21st Century Learning Space

Schools need to innovate both instruction and learning space to make themselves relevant to digital-native learners. Here is my concept of an ideal learning space. This is designed for middle and high school classrooms.

Note that the layout is teacher-centered. However, this is done intentionally to facilitate making instruction student-centered.

Please let me know what you think by completing the embedded form or by commenting below.

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15 thoughts on “21st Century Learning Space

  1. I love your classroom layout and have much the same in my grade 1 room. I found it useful to cut the legs shorter on some of my tables so that the students can sit on the floor at the table. It helps with the moving of chairs around the room and if you don’t have enough chairs.

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  2. Very nice. I love the flexible nature of the design. I am looking at materials from SteelCase for maximum mobility and flexibility. Honestly, I am thinking of moving 1/2 of my class sessions into the Learning Commons (and not simply because the cafe there makes excellent hot chocolate, but it doesn’t hurt).

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    1. A very talented teacher once told me the best place to record voice is your closet because clothes absorb background noise. Think about how schools are just the opposite – large open spaces with hard surfaces for sound to bounce off. Your issue is tough. Could you collaborate with a music teacher who might have a good space for recording sound? Could your media center set up a recording space?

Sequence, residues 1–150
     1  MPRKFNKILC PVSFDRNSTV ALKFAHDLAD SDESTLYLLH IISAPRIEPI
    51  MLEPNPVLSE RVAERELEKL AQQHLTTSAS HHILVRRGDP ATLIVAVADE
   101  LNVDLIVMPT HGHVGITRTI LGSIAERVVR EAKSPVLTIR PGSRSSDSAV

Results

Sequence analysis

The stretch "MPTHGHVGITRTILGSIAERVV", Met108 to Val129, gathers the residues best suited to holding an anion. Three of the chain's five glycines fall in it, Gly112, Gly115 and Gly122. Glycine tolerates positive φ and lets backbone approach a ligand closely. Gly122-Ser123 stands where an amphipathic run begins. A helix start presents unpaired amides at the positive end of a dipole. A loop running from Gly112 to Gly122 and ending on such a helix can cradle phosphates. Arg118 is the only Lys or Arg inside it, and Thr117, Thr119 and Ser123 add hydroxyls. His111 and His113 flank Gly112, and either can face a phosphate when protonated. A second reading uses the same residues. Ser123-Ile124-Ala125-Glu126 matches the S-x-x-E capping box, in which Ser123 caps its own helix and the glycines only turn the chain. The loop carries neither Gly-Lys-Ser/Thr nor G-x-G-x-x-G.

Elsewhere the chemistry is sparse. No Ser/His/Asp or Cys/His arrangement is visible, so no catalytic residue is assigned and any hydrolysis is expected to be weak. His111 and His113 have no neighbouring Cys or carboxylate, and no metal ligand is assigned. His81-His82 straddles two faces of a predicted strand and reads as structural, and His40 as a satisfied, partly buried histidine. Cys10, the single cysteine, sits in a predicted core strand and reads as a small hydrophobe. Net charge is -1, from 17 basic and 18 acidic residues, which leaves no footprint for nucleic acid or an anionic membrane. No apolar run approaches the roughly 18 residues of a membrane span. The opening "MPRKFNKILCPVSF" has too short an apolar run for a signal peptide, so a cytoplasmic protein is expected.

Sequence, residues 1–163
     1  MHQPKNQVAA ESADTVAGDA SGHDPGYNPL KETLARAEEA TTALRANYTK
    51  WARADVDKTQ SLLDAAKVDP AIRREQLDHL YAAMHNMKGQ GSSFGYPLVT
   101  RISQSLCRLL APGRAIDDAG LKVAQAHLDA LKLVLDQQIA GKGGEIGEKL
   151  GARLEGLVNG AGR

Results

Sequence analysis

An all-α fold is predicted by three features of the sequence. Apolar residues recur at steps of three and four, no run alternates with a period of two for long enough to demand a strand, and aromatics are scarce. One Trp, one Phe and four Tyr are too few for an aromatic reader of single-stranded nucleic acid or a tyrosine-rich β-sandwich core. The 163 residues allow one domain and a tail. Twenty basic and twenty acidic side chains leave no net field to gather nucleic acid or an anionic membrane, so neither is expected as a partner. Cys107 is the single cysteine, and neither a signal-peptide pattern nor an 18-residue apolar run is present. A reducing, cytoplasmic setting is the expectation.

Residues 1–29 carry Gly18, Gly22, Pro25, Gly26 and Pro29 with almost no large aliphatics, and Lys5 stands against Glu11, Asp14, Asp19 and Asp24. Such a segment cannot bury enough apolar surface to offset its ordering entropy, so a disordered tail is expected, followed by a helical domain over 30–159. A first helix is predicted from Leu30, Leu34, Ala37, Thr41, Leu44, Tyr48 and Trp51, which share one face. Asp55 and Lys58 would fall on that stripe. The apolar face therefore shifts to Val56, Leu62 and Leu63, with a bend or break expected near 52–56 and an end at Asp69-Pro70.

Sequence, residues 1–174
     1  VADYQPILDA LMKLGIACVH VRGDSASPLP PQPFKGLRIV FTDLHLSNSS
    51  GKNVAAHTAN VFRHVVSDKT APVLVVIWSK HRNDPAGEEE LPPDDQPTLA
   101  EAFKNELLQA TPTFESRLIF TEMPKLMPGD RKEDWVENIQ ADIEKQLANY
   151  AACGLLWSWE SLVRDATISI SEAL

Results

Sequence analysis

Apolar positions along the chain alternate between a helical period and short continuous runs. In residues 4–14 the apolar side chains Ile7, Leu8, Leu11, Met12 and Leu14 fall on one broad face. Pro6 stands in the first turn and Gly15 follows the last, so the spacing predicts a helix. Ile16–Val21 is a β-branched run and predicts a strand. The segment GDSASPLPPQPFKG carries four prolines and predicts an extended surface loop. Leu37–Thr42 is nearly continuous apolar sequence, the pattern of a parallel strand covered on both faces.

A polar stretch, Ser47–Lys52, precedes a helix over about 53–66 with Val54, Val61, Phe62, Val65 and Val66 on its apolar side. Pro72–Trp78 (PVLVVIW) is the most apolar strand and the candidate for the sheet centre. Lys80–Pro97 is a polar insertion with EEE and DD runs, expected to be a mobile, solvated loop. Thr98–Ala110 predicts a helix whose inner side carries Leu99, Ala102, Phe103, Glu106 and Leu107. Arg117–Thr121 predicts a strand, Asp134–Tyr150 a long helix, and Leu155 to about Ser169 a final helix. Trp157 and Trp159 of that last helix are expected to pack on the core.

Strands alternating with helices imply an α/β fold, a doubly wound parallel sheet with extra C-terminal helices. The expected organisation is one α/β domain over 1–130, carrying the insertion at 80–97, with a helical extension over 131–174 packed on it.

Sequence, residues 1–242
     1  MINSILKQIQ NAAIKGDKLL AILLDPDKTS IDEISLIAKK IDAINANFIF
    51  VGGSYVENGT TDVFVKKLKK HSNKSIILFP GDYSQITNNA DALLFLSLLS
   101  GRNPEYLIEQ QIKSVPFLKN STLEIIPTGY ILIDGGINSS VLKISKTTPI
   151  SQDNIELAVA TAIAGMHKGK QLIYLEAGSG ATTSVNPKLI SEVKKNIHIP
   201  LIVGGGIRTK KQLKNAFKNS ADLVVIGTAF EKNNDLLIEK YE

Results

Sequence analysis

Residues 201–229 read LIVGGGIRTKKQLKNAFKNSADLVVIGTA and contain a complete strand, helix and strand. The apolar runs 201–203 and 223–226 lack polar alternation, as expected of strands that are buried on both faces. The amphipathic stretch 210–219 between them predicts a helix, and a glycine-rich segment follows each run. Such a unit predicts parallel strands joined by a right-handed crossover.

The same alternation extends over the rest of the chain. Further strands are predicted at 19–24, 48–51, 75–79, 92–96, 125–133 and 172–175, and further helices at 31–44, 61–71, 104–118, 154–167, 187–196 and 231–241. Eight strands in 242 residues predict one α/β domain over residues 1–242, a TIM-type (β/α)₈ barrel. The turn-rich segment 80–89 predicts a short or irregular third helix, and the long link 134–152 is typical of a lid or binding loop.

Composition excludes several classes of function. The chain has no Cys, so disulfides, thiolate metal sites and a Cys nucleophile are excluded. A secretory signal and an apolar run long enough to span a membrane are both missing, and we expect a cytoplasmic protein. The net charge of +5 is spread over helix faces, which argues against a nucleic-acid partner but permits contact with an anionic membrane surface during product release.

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    2. I’ve wondered about creating a recording “booth” by lining a box with egg cartons and setting it on a desk with the open end to the speaker and a place to prop the recording device inside. They just need to lean in a little.

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    3. I got great advice for screencasting from a lady I met at a GAFE Summit. She suggested putting a large cardboard box on a desk with the microphone inside. You can line it if necessary. The student records their voice by leaning into the box, as someone else has suggested here. It’s handy because you don’t lose line of sight but still get the benefits of a “quiet” space. That might help?

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  3. Thank you for sharing your designs. We’re in the process of designing a pilot for our Fifth Grade classrooms and have some of the same ideas! One of my EdTech support teachers really likes the bikes in the classroom for the kinesthetic learners

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    1. I haven’t been in a school with them yet. I would love to try them. This is my ideal learning space so it incorporates things I’ve seen in use and things I would like to see.

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